This was another book I read quickly like the last one I reviewed. The main character’s (Thea) life implodes when she loses her job in the same week she finds out her husband has been having an affair with one of her friends. As she’s in the process of moving out of the home she’s lived in with him for fifteen years, she receives a letter from a lawyer in Scotland informing her that she has inherited her great-uncle’s house and contents along with a sum of money.
Taking this chance to leave Sussex where the shattered pieces of her life are causing her to continue to grieve and work herself into a stupor of not moving from her bed, she and her best friend decide to head to Scotland for two weeks to check out the house she inherited.
They arrive and find the cottage to be charming and filled with antique books, many first editions. She thinks she should sell some of them.
Thea gets the name of the owner of the local antiquarian bookstore who is the brother of the local lord. The store owner is the elder of the two but relinquished the title. The brothers are sworn enemies.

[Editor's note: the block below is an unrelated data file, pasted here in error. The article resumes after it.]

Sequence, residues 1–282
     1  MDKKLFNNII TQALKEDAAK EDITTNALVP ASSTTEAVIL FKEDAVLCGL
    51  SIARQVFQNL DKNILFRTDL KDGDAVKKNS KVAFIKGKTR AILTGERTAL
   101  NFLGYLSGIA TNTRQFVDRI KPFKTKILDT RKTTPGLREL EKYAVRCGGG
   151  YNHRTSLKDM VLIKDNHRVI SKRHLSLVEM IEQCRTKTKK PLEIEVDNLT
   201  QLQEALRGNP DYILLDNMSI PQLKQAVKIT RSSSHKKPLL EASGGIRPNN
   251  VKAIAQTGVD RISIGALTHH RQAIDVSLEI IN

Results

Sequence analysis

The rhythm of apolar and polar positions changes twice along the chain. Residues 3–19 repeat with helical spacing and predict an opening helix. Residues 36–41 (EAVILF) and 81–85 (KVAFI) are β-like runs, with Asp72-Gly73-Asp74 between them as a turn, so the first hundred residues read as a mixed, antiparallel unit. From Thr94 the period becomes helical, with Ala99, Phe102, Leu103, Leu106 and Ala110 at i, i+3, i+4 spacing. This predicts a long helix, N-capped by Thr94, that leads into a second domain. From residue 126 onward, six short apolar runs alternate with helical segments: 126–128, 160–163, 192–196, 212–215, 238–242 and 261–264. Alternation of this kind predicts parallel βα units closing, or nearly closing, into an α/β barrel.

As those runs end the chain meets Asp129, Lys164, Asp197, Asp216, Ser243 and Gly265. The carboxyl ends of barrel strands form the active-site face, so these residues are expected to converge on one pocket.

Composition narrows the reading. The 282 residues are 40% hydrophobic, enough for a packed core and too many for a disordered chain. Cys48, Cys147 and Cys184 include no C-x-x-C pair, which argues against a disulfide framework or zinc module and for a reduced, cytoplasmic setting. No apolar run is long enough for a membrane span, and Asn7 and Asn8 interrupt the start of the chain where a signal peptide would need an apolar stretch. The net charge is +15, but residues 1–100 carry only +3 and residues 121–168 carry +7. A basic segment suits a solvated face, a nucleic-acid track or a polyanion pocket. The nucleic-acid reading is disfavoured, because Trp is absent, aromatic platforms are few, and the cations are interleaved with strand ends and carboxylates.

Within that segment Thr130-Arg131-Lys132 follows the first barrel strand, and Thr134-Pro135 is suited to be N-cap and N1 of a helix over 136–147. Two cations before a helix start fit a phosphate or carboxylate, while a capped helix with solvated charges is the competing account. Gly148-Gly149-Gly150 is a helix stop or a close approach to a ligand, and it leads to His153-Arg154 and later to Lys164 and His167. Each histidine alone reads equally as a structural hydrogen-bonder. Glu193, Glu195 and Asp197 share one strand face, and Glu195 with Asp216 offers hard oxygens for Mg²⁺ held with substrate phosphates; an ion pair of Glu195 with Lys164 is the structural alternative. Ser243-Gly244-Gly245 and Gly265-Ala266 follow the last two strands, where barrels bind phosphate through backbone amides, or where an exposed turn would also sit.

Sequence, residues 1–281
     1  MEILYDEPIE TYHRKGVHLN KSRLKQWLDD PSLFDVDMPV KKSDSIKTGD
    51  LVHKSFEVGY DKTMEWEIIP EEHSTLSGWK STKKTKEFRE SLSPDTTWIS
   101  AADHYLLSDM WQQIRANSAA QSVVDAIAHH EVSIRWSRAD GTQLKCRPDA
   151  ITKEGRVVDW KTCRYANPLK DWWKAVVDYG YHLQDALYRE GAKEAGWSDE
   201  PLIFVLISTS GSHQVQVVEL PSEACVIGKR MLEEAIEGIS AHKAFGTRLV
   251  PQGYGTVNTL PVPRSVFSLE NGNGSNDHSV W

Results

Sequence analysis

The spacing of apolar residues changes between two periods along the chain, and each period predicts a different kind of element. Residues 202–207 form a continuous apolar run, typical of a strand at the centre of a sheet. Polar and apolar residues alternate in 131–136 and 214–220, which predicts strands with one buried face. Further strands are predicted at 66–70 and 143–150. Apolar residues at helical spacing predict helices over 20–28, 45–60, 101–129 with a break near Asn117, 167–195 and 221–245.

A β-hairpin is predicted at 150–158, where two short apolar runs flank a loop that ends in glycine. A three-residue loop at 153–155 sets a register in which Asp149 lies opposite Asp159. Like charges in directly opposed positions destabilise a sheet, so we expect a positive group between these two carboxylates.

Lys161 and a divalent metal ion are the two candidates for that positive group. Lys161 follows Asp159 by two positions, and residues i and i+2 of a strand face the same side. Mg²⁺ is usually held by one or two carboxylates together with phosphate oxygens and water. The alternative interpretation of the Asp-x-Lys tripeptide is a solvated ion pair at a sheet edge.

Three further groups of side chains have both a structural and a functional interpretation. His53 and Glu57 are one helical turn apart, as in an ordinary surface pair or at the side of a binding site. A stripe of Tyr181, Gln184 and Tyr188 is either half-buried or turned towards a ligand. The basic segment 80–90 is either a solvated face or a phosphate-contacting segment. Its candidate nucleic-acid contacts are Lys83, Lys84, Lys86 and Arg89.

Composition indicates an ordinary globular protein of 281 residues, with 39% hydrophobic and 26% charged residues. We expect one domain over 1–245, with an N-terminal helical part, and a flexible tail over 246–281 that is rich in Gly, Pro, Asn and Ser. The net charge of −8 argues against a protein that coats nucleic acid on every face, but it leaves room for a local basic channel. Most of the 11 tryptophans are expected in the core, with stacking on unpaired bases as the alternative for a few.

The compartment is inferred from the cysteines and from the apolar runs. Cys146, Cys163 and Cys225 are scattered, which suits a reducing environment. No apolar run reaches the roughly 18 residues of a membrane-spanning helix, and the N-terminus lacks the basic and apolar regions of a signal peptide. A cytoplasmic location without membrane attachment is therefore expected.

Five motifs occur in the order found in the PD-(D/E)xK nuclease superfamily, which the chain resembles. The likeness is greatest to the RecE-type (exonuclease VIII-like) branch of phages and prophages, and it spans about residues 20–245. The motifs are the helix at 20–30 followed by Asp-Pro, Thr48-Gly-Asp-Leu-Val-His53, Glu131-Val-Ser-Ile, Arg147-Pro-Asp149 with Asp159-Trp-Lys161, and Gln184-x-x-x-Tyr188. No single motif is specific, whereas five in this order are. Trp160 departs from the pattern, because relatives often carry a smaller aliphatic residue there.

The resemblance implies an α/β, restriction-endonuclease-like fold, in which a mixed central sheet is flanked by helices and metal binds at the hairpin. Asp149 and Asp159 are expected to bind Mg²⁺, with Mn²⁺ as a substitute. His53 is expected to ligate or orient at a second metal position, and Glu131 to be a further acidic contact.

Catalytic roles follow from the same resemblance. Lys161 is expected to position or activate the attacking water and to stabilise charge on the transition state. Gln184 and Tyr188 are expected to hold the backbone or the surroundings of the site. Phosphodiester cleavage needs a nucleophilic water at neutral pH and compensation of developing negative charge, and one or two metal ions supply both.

As the book moves along, Thea finds that she likes both brothers as people. The bookstore owner is a bit of a curmudgeon, but she finds ways to make him laugh. The lord is unfailingly polite and, even though he’d like to buy the cottage from her, he’s cordial and even invites her to a party at his home.
When it’s time for her friend to return home, Thea decides to stay a bit longer and takes a job in the bookstore when the young man who works there leaves for university.
The story is excellent. It felt like I knew this woman and the brothers. They were so realistically drawn and fully fleshed out. They all seemed like someone I’d like to have a drink or meal with. Like they could be my friends.
The banter between Thea and the bookstore owner was fun. Both were witty and smart. Once in a while, some of their dialogue was a bit too much, but overall, I really liked their scenes. Thea was a clever lady, but sometimes she spoke in a stream of consciousness way that made me wonder about her. LOL
Thea learns and grows over the course of the book. She becomes stronger and has more insight into herself.
The bookstore owner brother has a journey of his own and Thea is the catalyst for that growth. Even the lord brother has a mini character arc which was nicely done.
I enjoyed this one. Another 5 stars from me.
A wonderful setting – Scotland and books!
Totally agree. I love both.